Friday, October 15, 2010

There's Fieldwork and there's Fieldwork: What does Candy Know about it?

"Candice Jarman" says 'she' is a secretary who has "metal detectorist" friends and is aided by the members of the Yahoo so-called "responsible collecting" forum run by Tim Haines. Both are apparently aiding and encouraging her to write a "Paul Barford - Heritage - The Truth" blog. The author calls me “the Embarrassment of antiquities conservation” and adds: "don’t his supporters realise that he convinces no-one and just damages their cause by his strident, crass, dismissive posts rubbishing all those who dare to voice an alternative view". So she has set out to try and "rubbish" what she says are "misrepresentations of the truth", "distortions of the facts" to further an "anti-detecting, anti-collecting, anti-PAS agenda". She has not got very far however with that task, dithering about trying to find photographs of "what Paul Barford looks like" - as if it mattered to my ability to write about no-questions-asked collecting.

One might wonder about a secretary's ability to be able to address any of the archaeological issues I raise, given her all-too-apparent total lack of any knowledge about the discipline. This is clearly revealed by 'her' comment to one of the photos that she has obviously been told shows me [I suspect I know by whom, and that person has never met me either]:
Here is another picture of Mr Barford doing archaeology it seems. The public kept at a respectful distance.....
Regardless of who is visible in the photo, what is actually shown is an exhumation to obtain a DNA sample carried out in 1998 in central Poland by an experienced forensic anthropological team from the United States. It was carried out under and in full compliance with a licence issued by the Polish Church and all relevant local legislation, the archaeologists are there as support to the anthropologists. The aim was not the full archaeological excavation of a grave of 1864, and neither was I in charge of this project. If I had been, there would have been more than a police-tape barrier, but screens as is usual in such exhumations, out of respect for the deceased. In this case however the public could only see the outside of the vault not what was hidden deep in its dark interior. Forensic exhumations of human remains - and especially not those in the state these were - are not places for gawkers. I think if she knew anything about it at all, Ms Jarman would be aware that a nineteenth century burial ground clearance or murder scene investigation in even in Great Britain is not a ghoulish spectacle they sell tickets for gawkers and bystanders to go and watch.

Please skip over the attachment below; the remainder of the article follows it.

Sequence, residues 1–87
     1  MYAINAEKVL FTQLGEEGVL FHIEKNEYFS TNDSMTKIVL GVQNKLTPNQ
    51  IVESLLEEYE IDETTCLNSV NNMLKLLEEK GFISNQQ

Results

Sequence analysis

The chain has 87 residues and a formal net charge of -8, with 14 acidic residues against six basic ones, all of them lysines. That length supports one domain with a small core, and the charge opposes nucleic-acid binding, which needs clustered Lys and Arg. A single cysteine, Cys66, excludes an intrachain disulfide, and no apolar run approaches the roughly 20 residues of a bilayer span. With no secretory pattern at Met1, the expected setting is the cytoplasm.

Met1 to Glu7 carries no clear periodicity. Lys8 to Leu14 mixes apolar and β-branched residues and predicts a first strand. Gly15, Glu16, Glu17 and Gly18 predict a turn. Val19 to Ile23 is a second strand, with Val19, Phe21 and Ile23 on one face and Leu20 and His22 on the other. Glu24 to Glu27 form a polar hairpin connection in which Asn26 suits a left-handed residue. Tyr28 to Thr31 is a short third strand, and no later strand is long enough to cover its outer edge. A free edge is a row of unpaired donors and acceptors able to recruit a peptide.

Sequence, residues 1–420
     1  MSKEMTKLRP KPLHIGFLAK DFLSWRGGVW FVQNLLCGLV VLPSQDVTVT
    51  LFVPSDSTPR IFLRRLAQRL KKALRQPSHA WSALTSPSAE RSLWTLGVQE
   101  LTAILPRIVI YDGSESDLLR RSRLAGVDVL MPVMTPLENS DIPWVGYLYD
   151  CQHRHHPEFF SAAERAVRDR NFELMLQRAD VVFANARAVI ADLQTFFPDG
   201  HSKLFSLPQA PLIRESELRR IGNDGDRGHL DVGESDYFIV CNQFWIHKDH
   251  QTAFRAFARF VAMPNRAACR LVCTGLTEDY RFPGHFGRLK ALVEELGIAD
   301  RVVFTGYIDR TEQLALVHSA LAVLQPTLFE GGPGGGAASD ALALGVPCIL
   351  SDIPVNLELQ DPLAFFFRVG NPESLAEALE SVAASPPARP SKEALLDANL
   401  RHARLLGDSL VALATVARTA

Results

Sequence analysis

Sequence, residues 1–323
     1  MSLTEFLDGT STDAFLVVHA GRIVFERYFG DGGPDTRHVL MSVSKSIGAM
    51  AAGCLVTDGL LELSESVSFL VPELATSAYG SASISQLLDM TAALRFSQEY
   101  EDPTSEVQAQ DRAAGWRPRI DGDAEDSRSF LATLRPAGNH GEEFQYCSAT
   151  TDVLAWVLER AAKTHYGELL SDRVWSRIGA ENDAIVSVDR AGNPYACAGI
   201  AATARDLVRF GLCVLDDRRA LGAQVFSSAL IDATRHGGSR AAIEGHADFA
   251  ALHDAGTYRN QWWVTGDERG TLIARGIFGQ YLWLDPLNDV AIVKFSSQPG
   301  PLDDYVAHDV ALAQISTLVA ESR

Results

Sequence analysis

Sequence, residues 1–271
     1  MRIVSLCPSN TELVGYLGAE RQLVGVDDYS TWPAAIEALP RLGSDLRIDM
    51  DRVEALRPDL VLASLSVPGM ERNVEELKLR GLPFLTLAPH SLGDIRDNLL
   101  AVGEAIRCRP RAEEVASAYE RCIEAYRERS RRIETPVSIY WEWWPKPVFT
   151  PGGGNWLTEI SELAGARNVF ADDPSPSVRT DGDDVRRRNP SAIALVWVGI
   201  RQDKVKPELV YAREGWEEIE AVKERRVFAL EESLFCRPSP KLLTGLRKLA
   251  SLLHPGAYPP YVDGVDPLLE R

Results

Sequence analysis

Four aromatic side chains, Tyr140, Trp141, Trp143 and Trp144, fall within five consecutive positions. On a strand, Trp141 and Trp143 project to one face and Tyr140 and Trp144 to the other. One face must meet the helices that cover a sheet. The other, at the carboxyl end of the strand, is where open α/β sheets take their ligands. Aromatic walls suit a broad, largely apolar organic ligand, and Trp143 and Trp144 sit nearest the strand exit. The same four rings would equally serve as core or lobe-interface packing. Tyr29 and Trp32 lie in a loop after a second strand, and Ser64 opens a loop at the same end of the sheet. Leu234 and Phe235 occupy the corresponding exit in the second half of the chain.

So yes, in any exhumation of this nature, the public would be kept at a truly respectful distance.*

Not like the metal detecting page I was reading on Thursday written by somebody 'Candice' may even know (as it was from near where 'she' says she lives), where the writer is laughing about the fragments of a human skull shown - that his detecting mate had dug roughly through a human skeleton "thinking it was a dog". Now that is what I call really "disturbing the dead" and grave robbing - they even took the skull home. What "fun", eh Candy? What a wonderful advertisement for "responsible" artefact hunting in the UK.

[*] Note: the photo she uses was taken with a long focal length lens and (among other things) in order to give the team room to work, the distance between the barrier and open vault was in fact greater than it appears.

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